The Basic Tenets of the New Sociology of Childhood

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Discuss the basic tenants and evaluate the utility of the new sociology of childhood in gaining a better understanding of young people.

Childhood is the age span ranging from birth to adolescence and its non-specific for it can imply a varying range of years in human development reference. The age ranges anywhere from 12 years to 15years with 18years being most common. Previous research done by sociologists focused on children primarily in terms of socialization and within the context of the family. The ‘new sociology of childhood’ argues that children inhabit more than one world, worlds that may well conflict those of adults, those of children 's own making, and those that children
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The Marxist perspective argues that childhood is socially constructed because the bourgeoisie need a better-educated and skilled work force to cope with complex machines and follow instructions. The family provided food, shelter and clothing and by paying taxes provides education and healthcare for those who will be the next generation of workers. All of this benefited bourgeoisie at all most no expense to them. "The ideology of responsibility of parents ensures that parents make sacrifices to bring up their children. Therefore, the bourgeoisie benefit from the concept of childhood.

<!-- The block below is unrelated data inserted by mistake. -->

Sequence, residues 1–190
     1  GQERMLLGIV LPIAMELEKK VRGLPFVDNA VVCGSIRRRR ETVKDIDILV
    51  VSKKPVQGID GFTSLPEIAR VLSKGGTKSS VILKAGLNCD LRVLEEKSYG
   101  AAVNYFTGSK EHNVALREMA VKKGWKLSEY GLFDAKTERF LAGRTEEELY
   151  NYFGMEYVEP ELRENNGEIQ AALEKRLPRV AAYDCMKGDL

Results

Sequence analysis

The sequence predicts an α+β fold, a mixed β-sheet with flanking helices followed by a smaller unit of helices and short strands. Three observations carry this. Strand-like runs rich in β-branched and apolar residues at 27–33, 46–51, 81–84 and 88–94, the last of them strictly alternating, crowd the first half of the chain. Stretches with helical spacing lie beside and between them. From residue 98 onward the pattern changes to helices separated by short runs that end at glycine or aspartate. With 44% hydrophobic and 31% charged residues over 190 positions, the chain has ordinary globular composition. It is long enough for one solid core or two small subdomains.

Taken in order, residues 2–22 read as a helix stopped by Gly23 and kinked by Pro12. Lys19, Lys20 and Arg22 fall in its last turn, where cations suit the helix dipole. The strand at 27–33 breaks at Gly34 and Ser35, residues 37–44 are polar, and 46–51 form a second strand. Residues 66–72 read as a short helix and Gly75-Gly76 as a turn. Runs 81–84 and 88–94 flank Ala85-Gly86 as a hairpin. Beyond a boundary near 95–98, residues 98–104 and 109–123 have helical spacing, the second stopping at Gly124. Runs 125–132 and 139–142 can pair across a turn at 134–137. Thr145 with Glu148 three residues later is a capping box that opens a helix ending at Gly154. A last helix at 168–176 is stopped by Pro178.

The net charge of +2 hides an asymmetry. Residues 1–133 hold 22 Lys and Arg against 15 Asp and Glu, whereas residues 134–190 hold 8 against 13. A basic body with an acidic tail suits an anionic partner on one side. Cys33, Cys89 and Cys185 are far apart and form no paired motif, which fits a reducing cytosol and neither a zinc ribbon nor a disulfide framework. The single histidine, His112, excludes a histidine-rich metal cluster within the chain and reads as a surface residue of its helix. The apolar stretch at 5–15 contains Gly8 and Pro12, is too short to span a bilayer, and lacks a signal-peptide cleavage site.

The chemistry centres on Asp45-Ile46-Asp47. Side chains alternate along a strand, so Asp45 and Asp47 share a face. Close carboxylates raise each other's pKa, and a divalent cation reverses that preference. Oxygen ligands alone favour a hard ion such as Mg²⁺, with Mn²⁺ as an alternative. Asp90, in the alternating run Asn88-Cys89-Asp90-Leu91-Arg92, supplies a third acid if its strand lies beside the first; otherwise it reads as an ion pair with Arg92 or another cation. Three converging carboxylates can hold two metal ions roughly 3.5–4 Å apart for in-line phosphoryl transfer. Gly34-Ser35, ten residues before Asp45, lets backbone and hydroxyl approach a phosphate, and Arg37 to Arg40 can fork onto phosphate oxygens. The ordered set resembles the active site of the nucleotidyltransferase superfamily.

Therefore by arguing that childhood is social constructed, the “new sociology of childhood” enables one to understand young people from a different perspective. Such notions of childhood innocence, vulnerability, helplessness, economic dependence among others are scrutinized with regard to broader structural forces. Thus young people even though by virtue of their biological and psychological make-up may be similar across all cultures, what they are expected to do or how they view themselves differ from place to place, situation to situation. For instance even though the United Nations universalize childhood by defining it as, “Childhood is the time for children to be in school and at play, to grow strong and confident with the love and encouragement of their family and an extended community of caring adults” (UNICEF 2005).
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